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Re: [IndexedDB] setVersion blocked on uncollected garbage IDBDatabases

From: Jeremy Orlow <jorlow@chromium.org>
Date: Tue, 8 Feb 2011 10:44:17 -0800
Message-ID: <AANLkTikUNZQWiUB6o0hkHgz3p5uwMJvp3NA0uHFKNWrU@mail.gmail.com>
To: Jonas Sicking <jonas@sicking.cc>
Cc: Joćo Eiras <joao.eiras@gmail.com>, public-webapps <public-webapps@w3.org>
On Tue, Feb 8, 2011 at 10:36 AM, Jonas Sicking <jonas@sicking.cc> wrote:

> On Tue, Feb 8, 2011 at 9:26 AM, Jeremy Orlow <jorlow@chromium.org> wrote:
> > On Tue, Feb 8, 2011 at 3:36 AM, Joćo Eiras <joao.eiras@gmail.com> wrote:
> >>
> >> > Unless by "certain GC behavior" mean
> >>
> >> I referred to
> >>
> >> # The only solution I can think of is to require (or recommend) that
> >> implementations run the garbage collector
> >>
> >> The GC is transparent and a spec cannot expect that it runs at
> >> specific times or demand it.
> >
> > Yeah, Jonas.  We can't reasonably expect any behavior from the garbage
> > collectors.  I can't think of any other precedent for this.  And as
> > collectors become more complicated, doing a gc that catches _every_ piece
> of
> > garbage is becoming harder or even impossible (not aware of any GC's
> where
> > it is "impossible" in specific cases, but it wouldn't surprise me).  The
> v8
> > guys simply won't let us do this.  :-)
> > And saying that at the worst case your setVersion transaction will stall
> > possibly forever just doesn't seem like a good solution either.
> Huh? It seems like a very strange GC implementation that not only
> doesn't allow you to do a full search for garbage, even
> asynchronously, but then can't even guarantee that a given object will
> eventually be freed.
> I'm all for not relying on GC behavior, but not even relying on it to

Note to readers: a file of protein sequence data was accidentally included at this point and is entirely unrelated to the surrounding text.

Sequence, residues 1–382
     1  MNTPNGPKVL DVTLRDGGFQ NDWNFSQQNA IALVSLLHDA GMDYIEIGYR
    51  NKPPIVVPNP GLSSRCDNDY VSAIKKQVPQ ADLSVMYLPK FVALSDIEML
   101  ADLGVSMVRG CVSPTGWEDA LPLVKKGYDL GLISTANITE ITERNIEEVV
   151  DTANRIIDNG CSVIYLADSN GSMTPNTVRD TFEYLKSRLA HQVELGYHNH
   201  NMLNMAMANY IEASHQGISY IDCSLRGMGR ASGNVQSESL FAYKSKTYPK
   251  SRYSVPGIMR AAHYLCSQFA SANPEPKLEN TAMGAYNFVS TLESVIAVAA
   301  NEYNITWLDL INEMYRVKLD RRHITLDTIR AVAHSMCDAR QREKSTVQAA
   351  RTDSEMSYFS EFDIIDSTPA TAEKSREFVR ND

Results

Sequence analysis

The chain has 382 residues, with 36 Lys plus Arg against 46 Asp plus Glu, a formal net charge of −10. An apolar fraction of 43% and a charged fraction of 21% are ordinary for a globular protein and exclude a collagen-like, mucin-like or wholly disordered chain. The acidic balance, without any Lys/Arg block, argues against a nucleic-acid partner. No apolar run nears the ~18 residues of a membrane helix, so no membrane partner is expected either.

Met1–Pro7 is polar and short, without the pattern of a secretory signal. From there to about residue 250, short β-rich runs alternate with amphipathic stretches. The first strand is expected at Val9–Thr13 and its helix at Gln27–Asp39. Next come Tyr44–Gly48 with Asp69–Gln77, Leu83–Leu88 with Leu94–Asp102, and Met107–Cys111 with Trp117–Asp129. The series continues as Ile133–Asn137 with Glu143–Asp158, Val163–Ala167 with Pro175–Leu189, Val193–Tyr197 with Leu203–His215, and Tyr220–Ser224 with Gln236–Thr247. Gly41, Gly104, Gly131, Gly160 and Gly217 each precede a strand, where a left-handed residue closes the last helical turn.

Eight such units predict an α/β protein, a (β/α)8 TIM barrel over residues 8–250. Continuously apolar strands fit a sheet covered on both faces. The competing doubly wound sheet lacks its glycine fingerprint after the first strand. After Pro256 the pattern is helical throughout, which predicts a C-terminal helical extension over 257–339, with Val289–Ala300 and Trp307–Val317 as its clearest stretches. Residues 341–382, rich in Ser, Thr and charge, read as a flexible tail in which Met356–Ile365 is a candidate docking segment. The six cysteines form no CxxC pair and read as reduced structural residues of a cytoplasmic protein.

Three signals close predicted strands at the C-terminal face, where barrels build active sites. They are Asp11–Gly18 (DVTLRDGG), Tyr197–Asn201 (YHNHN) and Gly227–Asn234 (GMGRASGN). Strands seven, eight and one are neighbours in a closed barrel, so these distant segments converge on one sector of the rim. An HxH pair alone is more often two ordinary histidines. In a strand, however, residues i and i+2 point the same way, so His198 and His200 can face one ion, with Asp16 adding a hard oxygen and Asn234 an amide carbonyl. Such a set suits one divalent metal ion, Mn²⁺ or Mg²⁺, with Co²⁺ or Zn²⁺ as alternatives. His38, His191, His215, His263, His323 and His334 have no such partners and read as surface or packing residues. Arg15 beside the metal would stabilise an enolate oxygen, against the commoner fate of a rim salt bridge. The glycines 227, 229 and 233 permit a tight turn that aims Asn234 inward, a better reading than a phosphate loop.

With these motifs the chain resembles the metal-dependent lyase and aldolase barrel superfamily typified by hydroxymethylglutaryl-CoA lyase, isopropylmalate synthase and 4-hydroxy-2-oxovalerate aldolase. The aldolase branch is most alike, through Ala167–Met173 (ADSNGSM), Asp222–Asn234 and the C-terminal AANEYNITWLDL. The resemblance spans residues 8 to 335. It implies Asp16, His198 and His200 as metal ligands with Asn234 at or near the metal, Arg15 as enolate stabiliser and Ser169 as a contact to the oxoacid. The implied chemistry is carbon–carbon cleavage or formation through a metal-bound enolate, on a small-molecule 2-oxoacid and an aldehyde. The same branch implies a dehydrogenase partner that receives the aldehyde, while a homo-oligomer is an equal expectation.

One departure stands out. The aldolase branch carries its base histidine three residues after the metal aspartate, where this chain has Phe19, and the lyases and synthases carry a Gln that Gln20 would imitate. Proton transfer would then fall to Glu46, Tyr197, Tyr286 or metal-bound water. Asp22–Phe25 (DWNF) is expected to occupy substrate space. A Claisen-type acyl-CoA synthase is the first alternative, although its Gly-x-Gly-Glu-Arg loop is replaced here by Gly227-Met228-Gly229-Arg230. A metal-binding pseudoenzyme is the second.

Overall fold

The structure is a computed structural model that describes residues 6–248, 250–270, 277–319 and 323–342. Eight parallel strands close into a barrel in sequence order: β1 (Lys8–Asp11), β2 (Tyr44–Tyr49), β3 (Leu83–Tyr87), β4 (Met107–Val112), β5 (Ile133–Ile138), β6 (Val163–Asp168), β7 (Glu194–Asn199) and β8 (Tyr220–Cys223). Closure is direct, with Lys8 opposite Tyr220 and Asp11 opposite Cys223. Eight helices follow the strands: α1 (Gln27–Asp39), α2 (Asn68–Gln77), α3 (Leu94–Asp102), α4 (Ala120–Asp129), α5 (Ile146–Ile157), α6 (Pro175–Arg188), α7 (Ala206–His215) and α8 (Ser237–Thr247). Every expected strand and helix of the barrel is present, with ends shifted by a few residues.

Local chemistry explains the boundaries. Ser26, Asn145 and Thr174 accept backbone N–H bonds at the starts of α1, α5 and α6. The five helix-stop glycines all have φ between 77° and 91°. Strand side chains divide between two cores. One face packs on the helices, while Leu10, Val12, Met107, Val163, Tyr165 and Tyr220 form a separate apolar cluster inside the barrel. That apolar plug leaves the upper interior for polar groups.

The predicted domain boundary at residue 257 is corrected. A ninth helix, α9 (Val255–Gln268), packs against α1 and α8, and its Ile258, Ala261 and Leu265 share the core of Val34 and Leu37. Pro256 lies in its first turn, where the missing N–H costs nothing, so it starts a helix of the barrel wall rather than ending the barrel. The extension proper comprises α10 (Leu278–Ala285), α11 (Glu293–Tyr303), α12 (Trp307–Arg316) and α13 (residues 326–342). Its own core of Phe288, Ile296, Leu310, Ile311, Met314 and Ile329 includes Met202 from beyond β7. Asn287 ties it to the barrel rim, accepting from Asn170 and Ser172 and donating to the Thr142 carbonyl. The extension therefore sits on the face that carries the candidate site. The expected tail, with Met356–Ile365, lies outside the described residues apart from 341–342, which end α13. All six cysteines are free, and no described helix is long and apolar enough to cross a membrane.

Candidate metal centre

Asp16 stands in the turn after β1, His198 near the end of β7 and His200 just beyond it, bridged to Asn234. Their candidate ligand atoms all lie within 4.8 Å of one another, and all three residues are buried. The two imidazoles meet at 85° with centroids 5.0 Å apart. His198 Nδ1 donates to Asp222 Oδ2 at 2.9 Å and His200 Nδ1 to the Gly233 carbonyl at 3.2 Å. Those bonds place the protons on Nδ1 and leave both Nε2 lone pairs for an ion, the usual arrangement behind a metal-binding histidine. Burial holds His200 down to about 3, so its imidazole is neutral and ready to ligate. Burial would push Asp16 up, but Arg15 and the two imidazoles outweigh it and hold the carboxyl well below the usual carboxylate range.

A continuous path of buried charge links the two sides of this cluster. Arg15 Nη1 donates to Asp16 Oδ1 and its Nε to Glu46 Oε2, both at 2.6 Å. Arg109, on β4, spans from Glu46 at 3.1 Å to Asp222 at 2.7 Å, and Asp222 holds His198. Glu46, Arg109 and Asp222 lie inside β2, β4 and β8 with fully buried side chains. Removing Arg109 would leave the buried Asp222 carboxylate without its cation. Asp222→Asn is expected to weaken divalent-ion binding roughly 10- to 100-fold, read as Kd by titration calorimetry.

> collect garbage? That seems a bit extreme to me. It's also not a GC
> strategy I've ever heard of, so yes, it would surprise me if there are
> GC strategies out there that doesn't free up objects sooner or later.
> How is that different from a GC strategy that is simply leaking?

I meant that it wouldn't be able to collect on demand like that.  Or that it
would at least be prohibitively expensive.

> > What if we made the default for onsetversion to be calling close?  I.e.
> > instead of the close behavior being opt-out, it'd be opt-in?  I know we
> made
> > a conscious decision originally of it being opt-in, but I don't see how
> > that'll work.
> This flips the model completely on its head since you're now forced to
> implement a more advanced version upgrade strategies or suffer your
> pages breaking.
> The worst case scenario isn't even that bad IMHO. Say that you have a
> GC strategy which truly never frees the unreferenced DB object. That
> is no worse than the page simply holding a reference DB object and
> making the version upgrade wait for the user to close old tabs.
> Something that is bound to happen anyway if authors take the simple
> path of not listening to "blocked" or "versionchange" events.

You're assuming implementations have one heap per tab.

We could cheat and kill things when the document goes away, I suppose.
 Still not very excited about that tho.  (Especially since even those
semantics can be a bit tricky, at least in WebKit.)

I'd like to hear other peoples' thoughts on this.

Received on Tuesday, 8 February 2011 18:45:07 UTC

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